Before IIS 6, if you had multiple buffers of data that needed to be written back to the client (template components, formatted data, generated HTML, and so on), you would have to separately call the WriteClient() function to submit each item back to the client.
With IIS 6, two new features, VectorSend and FinalSend, simplify the process. Now, you can just specify the buffer or file location with calls to VectorSend; this makes the IIS 6 kernel driver aware of the data. When you've completed the sequence, you use FinalSend to signify the end of the data.
This indicates to IIS 6 that the data should be collated and sent back to the client. Because IIS, not the ISAPI filter or application, is responsible for this writing, the worker process can go on to process the next request.
One of the problems with ASP and other forms of dynamic elements is that you need to handle errors within the application itself. Although this is what you want sometimes?say, an invalid login or empty search results?other times, you want to raise a specific HTTP error.
Through the ExecuteURL system, it's now possible to pass off errors within your applications to the main error handling system within IIS 6, so your users get a consistent error message and view.
A new ISAPI extension, HSE_REQ_REPORT_UNHEALTHY, can be used by an extension to force the ISAPI application's worker process to be recycled. This is useful if the application has identified that the ISAPI filter has become unstable or unreliable, or if the system enters an unknown state. You can also supply a string that will be written to the Application log to highlight the reason for the error.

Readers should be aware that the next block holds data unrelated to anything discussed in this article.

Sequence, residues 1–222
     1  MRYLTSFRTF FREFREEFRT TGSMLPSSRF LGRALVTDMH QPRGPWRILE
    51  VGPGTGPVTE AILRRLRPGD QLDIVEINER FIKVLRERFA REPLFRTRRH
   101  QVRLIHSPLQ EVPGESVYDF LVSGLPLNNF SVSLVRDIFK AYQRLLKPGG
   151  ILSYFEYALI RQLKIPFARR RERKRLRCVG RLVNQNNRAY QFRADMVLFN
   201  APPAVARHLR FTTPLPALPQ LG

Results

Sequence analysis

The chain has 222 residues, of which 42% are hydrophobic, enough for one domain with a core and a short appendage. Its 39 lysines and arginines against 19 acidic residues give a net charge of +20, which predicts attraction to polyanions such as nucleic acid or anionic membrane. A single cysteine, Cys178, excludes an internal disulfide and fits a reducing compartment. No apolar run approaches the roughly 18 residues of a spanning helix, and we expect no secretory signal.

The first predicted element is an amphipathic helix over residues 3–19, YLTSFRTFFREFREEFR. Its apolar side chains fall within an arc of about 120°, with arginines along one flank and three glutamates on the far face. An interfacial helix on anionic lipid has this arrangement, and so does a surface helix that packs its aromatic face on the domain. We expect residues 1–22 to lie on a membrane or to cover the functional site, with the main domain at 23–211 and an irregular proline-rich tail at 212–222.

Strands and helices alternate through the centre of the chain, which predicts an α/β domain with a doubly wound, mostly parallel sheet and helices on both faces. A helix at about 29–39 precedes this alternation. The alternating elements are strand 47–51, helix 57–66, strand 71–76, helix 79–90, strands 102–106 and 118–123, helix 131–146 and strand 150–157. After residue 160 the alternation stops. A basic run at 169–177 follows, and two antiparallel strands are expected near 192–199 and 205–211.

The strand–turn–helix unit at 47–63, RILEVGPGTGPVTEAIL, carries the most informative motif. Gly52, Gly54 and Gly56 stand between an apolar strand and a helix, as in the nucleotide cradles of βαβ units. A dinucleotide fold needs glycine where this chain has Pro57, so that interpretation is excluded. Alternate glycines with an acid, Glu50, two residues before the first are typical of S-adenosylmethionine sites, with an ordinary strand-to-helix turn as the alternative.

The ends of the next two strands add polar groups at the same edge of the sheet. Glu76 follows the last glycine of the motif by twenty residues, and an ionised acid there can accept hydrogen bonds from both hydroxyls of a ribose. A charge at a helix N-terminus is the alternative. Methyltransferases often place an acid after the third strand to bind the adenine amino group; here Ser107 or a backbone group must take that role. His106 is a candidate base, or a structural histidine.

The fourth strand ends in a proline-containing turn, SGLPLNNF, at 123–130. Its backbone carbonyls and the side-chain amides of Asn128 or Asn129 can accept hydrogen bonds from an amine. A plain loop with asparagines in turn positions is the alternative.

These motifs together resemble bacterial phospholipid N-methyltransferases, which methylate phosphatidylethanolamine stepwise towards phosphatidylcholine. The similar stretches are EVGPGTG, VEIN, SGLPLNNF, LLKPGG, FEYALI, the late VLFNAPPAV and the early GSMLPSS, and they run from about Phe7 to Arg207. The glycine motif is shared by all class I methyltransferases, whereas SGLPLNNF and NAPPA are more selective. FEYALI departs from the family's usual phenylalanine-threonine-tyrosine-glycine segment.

In order for the ISAPI call to actually initiate a recycle operation, health monitoring should be switched on in the application pool configuration. Recycle requests are ignored if health monitoring is not enabled.
COM+ services are now exposed to the ASP service in a different manor. In previous versions, COM+ services used the WAM object in the COM+ configuration store to use a specific set of services that were to be used with specific COM components.
In IIS 6, COM+ can now be used independently of the COM components, allowing developers to access COM+ services directly.
In addition, the following services have been added since Windows 2000:
Fusion support? Enables ASP applications to use a specific version of a DLL or COM component. This is useful for backward compatibility with existing applications.
Partition Support? COM+ partitions can now be assigned a different configuration for different users, instead of a single configuration for a specific application.
Tracker support? Tracks when code is running within an ASP session; useful for debugging applications.